In addition to our role in interpreting statutes and regulations, the Commission is frequently called upon to construe wills, trusts and settlement agreements to determine the tax implications of private transactions. Gilson v. Dep't. of Revenue, 246 Wis. 2d 669, 630 N.W.2d 275 (Ct. App. 2001). This case requires us to construe a judgment of divorce entered into in 2001.

B. Summary Judgment

A motion for summary judgment will be granted if the pleadings, depositions, answers to interrogatories, and admissions on file, together with the affidavits, show that there is no genuine issue as to any material fact and that the moving party is entitled to judgment as a matter of law. Wis. Stat. § 802.08(2). The party moving for summary judgment has the burden to establish the absence of a genuine issue as to any material fact. Grams v. Boss, 97 Wis.2d 332, 338-39, 294 N.W.2d 473 (1980). If a moving party establishes a prima facie case for summary judgment, the court then examines the affidavits in opposition to the motion to see if the other party's affidavits show facts sufficient to entitle that party to a trial. Artmar, Inc. v. United Fire & Casualty Co., 34 Wis. 2d 181, 188, 148 N.W.2d 641, 644 (1967). Once a prima facie case is established, "the party in opposition to the motion may not rest upon the mere allegation or denials of the pleadings, but must, by affidavits or other statutory means, set forth specific facts showing that there exists a genuine issue requiring a trial." Board of Regents v. Mussallem, 94 Wis. 2d 657, 673, 289 N.W.2d 801, 809 (1980), citing Wis. Stat. § 802.08(3). Any evidentiary facts in an affidavit are to be taken as true unless contradicted by other opposing affidavits or proof. Artmar, 34 Wis. 2d at 188. The court must view the evidence, or the inferences therefrom, in the light most favorable to the party opposing the motion. Kraemer Bros. v. United States Fire Ins. Co., 89 Wis. 2d 555, 567, 278 N.W.2d 857, 862 (1979). Where the party opposing summary judgment fails to respond or raise an issue of material fact, the trial court is authorized to grant summary judgment pursuant to Wis. Stat. § 802.08(3). Board of Regents, 94 Wis. 2d at 673. The effect of counter-motions for summary judgment is an assertion by the parties that the facts are undisputed, that in effect the facts are stipulated, and that only issues of law are before the court. Eichenseer v. Madison-Dane County Tavern League, Inc., 2008 WI 38, ¶4, 308 Wis. 2d 684, 748 N.W.2d 154.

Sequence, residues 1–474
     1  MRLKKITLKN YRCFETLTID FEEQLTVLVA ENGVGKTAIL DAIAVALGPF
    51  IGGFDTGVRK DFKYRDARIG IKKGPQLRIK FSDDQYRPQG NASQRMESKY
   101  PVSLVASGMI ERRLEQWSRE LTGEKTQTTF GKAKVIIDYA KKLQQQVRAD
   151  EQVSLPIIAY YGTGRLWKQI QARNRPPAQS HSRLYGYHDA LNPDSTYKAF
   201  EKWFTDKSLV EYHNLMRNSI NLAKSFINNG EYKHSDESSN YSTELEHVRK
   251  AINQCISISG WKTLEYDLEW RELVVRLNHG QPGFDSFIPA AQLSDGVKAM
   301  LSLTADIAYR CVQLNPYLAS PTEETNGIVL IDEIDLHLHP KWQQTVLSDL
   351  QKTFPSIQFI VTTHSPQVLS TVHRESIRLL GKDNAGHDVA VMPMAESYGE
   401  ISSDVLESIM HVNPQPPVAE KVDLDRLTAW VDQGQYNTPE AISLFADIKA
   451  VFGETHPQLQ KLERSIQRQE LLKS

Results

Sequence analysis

C. IRC § 71

This case requires us to construe a written agreement and determine if the monthly "family support" payments are treated as "child support" or as "alimony" for tax purposes. Wisconsin generally follows federal law for income tax purposes. Here, although the parties and certain Wisconsin statutes describe the payments at issue as "family support," applicable federal and Wisconsin income tax statutes require us to categorize the payments as either "alimony" or "child support." The Commission's prior cases in this area, most of which are discussed below, have analyzed the question here by applying IRC § 71.

We begin by a brief review of the applicable law.(11) "Alimony" is deductible by the payor under IRC § 215 and includible in gross income by the recipient under IRC § 71(a). IRC § 215 provides:


(a) GENERAL RULE. -- In the case of an individual, there shall be allowed as a deduction an amount equal to the alimony or separate maintenance payments paid during such individual's taxable year.